Emergency care on 280 long overduePublished 10:43am Tuesday, July 16, 2013
By WES WILDMON / Guest Columnist
Now that Trinity Medical Center has been cleared to complete construction of its full-scale hospital at U.S. 280 and Interstate 459, I hope its officials will drop their long-standing opposition to Brookwood Medical Center’s Freestanding Emergency Department at U.S. 280/Alabama 119.
Most are unaware that Trinity has blocked this project since 2010, well before announcing its intentions to relocate to U.S. 280. While Trinity has since invested millions to convince you it is the answer to North Shelby County’s very real need for quick access to medical services, it neglected to mention that it has been standing in the way of us actually getting emergency care.
As it prepares to move to HealthSouth’s old “digital hospital,” Trinity should stop holding the red light on Brookwood’s freestanding emergency department.
Consider this: Trinity is going to be in the center of what is already a bottleneck on U.S. 280. What do you think will happen to traffic once you add a hospital, office buildings, shopping centers, restaurants and the other development Trinity has promised to deliver?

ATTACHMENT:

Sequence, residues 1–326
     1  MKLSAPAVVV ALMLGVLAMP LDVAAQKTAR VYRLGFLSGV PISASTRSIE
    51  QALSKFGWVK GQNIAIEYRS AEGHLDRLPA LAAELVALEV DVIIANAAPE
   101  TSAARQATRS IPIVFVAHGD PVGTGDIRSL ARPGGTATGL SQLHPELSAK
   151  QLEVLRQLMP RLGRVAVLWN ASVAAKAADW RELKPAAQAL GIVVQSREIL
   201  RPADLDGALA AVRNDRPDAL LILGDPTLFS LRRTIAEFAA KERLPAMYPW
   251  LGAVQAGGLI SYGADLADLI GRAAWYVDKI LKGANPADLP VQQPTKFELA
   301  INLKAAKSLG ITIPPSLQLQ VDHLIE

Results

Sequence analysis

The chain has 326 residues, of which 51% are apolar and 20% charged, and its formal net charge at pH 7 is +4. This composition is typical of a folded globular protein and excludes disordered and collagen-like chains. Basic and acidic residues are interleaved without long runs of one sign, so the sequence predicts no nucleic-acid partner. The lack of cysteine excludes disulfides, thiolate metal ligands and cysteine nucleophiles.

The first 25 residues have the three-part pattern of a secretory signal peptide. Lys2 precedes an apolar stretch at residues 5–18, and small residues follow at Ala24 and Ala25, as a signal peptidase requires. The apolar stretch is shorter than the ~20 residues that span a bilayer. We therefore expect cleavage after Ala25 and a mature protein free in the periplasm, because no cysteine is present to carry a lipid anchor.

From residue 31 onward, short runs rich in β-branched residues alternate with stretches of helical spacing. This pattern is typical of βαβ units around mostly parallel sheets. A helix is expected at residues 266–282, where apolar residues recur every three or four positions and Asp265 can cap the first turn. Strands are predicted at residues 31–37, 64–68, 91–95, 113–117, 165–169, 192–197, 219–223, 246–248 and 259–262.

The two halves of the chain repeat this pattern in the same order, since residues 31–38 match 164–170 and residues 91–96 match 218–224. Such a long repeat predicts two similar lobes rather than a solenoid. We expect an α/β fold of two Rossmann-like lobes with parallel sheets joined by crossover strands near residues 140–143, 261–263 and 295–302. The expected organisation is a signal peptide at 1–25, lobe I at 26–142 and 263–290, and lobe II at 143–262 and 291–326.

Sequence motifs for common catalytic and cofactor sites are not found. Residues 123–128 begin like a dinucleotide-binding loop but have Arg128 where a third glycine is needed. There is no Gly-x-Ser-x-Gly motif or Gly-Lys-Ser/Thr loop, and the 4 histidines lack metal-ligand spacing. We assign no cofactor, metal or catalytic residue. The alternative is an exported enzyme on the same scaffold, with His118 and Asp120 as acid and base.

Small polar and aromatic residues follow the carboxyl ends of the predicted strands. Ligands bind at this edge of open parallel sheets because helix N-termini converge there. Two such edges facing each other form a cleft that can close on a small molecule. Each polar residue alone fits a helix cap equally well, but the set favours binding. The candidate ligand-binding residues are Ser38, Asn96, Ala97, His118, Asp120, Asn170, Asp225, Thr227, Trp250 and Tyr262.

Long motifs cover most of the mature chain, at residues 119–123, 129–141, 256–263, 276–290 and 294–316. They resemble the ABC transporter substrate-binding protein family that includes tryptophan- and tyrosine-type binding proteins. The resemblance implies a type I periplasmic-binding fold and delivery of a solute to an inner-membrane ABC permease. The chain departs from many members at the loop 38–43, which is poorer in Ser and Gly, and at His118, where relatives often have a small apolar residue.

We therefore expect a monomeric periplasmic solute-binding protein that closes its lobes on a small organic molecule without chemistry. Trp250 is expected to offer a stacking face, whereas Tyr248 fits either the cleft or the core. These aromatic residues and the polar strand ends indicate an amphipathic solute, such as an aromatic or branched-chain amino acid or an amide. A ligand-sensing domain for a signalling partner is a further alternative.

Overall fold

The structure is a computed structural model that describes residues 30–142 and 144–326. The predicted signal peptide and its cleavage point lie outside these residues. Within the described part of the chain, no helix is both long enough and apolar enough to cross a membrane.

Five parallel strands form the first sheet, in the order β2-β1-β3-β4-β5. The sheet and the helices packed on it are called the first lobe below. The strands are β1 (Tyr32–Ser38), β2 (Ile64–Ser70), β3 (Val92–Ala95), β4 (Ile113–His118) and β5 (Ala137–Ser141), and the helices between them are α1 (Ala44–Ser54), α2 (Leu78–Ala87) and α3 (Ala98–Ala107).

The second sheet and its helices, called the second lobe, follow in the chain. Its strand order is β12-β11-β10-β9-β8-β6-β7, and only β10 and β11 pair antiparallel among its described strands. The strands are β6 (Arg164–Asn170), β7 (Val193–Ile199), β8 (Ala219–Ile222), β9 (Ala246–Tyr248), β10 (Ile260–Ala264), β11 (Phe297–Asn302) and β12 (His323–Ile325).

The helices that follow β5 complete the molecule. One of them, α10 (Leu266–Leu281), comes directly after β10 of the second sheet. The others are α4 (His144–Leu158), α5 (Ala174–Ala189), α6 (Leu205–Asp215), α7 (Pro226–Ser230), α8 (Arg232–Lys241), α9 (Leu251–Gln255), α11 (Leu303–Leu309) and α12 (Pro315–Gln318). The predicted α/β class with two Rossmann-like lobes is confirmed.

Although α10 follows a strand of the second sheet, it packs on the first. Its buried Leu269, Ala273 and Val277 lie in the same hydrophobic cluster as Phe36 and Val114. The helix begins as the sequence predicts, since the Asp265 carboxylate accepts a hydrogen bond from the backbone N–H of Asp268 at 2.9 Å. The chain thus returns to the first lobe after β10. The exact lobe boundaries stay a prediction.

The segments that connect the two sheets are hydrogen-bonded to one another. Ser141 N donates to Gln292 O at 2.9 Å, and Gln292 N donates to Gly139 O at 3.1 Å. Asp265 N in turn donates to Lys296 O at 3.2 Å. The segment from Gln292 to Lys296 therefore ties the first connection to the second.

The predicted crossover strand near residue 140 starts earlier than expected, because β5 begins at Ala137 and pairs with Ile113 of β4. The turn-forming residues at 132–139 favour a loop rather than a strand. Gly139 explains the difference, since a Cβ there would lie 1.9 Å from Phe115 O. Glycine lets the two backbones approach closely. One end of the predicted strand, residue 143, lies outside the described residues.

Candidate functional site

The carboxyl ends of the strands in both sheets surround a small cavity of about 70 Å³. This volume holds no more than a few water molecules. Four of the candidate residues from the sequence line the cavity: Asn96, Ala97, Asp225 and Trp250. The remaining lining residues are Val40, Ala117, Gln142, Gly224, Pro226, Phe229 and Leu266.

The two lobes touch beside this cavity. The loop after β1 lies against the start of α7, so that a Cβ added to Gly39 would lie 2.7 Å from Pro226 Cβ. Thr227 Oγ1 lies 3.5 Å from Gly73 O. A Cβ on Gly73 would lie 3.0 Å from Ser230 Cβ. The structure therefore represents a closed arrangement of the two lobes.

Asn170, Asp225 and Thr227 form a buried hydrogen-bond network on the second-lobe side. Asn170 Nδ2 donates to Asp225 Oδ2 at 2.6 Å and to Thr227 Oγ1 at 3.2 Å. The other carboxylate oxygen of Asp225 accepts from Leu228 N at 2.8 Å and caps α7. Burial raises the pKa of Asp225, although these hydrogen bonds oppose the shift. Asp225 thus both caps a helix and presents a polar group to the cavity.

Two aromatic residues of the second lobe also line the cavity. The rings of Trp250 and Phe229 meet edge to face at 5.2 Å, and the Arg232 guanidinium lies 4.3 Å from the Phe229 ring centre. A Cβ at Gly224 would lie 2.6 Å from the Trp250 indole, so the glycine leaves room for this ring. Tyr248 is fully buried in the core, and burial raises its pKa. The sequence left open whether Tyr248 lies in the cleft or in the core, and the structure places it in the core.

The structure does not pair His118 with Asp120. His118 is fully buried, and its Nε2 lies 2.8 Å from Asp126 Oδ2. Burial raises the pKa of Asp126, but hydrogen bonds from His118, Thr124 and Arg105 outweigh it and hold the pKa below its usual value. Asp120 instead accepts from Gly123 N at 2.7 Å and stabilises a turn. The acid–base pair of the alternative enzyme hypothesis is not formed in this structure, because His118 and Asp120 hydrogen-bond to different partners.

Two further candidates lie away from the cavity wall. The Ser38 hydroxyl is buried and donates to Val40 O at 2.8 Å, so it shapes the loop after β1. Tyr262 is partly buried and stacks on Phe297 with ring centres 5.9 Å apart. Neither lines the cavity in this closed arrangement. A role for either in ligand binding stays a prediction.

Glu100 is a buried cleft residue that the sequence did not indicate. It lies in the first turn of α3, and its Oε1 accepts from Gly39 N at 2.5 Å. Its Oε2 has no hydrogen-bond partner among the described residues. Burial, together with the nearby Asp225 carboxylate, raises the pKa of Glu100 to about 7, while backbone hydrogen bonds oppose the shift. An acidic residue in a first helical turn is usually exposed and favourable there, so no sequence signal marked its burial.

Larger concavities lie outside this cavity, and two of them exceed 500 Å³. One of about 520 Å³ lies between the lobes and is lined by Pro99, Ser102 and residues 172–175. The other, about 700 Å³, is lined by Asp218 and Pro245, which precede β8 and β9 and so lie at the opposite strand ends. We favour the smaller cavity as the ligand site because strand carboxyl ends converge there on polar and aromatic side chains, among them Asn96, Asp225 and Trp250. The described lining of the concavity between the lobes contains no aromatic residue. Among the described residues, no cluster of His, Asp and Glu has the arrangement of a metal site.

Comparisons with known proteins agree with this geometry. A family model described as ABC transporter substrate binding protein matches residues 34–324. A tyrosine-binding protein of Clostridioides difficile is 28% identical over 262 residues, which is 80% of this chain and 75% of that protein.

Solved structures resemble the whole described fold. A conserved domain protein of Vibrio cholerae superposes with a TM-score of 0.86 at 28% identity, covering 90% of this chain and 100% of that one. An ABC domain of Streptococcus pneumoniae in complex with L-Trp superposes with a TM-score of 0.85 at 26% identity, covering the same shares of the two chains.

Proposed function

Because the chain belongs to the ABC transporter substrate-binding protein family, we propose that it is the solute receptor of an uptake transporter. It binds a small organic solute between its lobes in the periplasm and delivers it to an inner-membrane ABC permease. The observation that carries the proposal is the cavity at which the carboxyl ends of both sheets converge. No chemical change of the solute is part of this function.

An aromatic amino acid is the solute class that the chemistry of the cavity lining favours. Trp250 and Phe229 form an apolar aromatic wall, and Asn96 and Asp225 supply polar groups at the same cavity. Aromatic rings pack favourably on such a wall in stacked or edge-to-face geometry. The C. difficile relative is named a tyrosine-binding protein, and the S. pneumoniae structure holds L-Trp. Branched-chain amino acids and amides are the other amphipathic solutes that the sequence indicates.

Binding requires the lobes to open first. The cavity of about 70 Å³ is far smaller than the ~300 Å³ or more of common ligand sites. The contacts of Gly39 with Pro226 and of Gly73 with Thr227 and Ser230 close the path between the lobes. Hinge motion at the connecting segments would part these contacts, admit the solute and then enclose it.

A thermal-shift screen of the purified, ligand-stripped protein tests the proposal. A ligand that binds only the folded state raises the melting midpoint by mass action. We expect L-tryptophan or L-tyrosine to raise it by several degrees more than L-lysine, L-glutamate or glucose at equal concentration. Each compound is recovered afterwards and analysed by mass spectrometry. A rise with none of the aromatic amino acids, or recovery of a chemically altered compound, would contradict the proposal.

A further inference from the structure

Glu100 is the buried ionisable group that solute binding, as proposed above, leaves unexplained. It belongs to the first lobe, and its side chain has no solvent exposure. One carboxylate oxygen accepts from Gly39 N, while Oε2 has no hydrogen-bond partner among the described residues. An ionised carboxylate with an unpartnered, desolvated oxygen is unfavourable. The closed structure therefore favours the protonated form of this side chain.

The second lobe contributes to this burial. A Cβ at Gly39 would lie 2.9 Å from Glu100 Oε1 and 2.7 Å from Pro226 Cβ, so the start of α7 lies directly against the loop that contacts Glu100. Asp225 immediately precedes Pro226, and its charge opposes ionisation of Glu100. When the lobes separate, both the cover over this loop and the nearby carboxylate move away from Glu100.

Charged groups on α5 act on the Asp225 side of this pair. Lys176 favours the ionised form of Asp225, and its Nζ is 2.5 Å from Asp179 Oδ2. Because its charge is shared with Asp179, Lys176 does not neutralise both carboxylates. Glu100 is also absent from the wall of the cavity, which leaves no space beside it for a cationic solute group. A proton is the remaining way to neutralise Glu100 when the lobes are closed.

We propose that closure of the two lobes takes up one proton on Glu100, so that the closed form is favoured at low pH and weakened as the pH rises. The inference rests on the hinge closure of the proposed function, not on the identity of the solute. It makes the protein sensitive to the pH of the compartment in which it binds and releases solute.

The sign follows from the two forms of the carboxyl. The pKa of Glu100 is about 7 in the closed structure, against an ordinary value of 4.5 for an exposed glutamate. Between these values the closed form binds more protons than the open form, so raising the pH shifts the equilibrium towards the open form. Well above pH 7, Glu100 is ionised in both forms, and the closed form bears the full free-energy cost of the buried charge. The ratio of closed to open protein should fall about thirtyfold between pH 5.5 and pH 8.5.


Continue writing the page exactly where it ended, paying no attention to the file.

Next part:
I have followed this issue very closely because I have a personal interest in more accessible emergency care for my family. I have lived in the Greystone area since 1999 and have seen first-hand the rapid growth along the 280 corridor.
Unfortunately, my wife has Type 1 diabetes and my two sons have issues with peanut allergies and asthma. On more than one occasion, I have had to rush one of my boys or my wife to an emergency room as quickly as possible while navigating the crazed U.S. 280 traffic. It’s the worst kind of panic and fear.
What Brookwood has proposed at the intersection of U.S. 280 and Alabama 119 is the solution to what many of us along the corridor have long hoped to see. Not a full-scale hospital with all the added traffic, but a facility to respond to immediate emergency needs. The location is better positioned to provide emergency care in an accessible location.
If Trinity indeed follows through on the U.S. 280 project it has spent millions of dollars promoting, it can afford to drop the opposition to Brookwood’s emergency department. The population along the 280 corridor is great enough that there is plenty of need for emergency care to go around. Trinity’s hospital certainly will not suffer any more than those of us in need of Brookwood’s proposed facility.
As Trinity’s officials have stated so often, lives are in the balance. It is time for Trinity to stand aside in the interest of providing the health care services needed by so many of us.
Wes Wildmon is a Shelby County resident who lives close to U.S. 280.